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DuPage County Paternity AttorneyUnless the state has revoked your parental rights, every father has the right to establish paternity with their biological child. Numerous studies have shown establishing paternity is in a child’s best interests, as those who have a relationship with both of their parents excel in more areas. In addition to these psychological benefits, establishing paternity also has numerous financial and medical benefits for the child.

The process of establishing paternity is relatively straightforward if both parents agree. In some cases, however, establishing paternity is made much more difficult. This includes situations in which more than one man believes they are the father, or the mother wishes to raise the child on her own. Still, a father can successfully establish paternity even if the biological mother contests it.

Sign a Voluntary Acknowledgement of Paternity

The easiest way for a father to establish paternity is to sign a Voluntary Acknowledgement of Paternity (VAP) at the time of the child’s birth. These forms are available at the hospital. If the parent seeking paternity was married to the mother at conception or any point during the pregnancy, paternity is automatically established and the husband at the time is considered the presumed father. Presumed fathers do not need to sign a VAP because paternity is already determined.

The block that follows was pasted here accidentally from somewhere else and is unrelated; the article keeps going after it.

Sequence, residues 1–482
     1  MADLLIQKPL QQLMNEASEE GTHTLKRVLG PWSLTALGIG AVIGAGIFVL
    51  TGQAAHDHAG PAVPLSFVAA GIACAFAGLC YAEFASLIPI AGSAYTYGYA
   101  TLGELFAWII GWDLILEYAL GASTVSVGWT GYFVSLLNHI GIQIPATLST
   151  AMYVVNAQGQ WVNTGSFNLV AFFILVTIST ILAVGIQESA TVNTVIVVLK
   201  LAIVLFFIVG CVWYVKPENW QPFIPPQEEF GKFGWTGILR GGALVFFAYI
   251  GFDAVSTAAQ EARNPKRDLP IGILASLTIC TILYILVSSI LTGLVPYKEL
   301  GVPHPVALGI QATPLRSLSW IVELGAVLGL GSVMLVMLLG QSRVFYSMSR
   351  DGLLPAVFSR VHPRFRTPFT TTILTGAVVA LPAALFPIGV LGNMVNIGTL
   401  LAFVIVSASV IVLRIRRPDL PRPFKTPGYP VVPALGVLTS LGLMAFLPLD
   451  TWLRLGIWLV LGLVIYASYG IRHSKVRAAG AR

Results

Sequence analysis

fees, DuPage County divorce attorneysDivorce can, unfortunately, be an expensive proposition, particularly if there are complicated disputes about how to split property or spousal maintenance. Cases involving parental responsibilities and child support can also become extremely costly. In many such cases, one side may seek attorney’s fees from their former spouse. While it is possible to obtain legal fees from a former spouse under Illinois law, there are certain criteria that must be met in order to do so.

When Are Attorney’s Fees Awarded?

Under Section 5/508(a) of the Illinois Marriage and Dissolution of Marriage Act, there are several circumstances in which a court may award attorney’s fees following the conclusion of a divorce proceeding. These include to defend against a divorce or appeal, to defend against a modification to a court order, to enforce or modify a court order, or to reimburse costs for the preparation of a divorce petition. Essentially, almost any action related to a divorce is eligible for reimbursement of attorney’s fees. However, whether awarding those fees is appropriate is still left to the discretion of the court, and courts can be extremely hesitant to award attorney’s fees unless a spouse can show extreme hardship in paying their own way.


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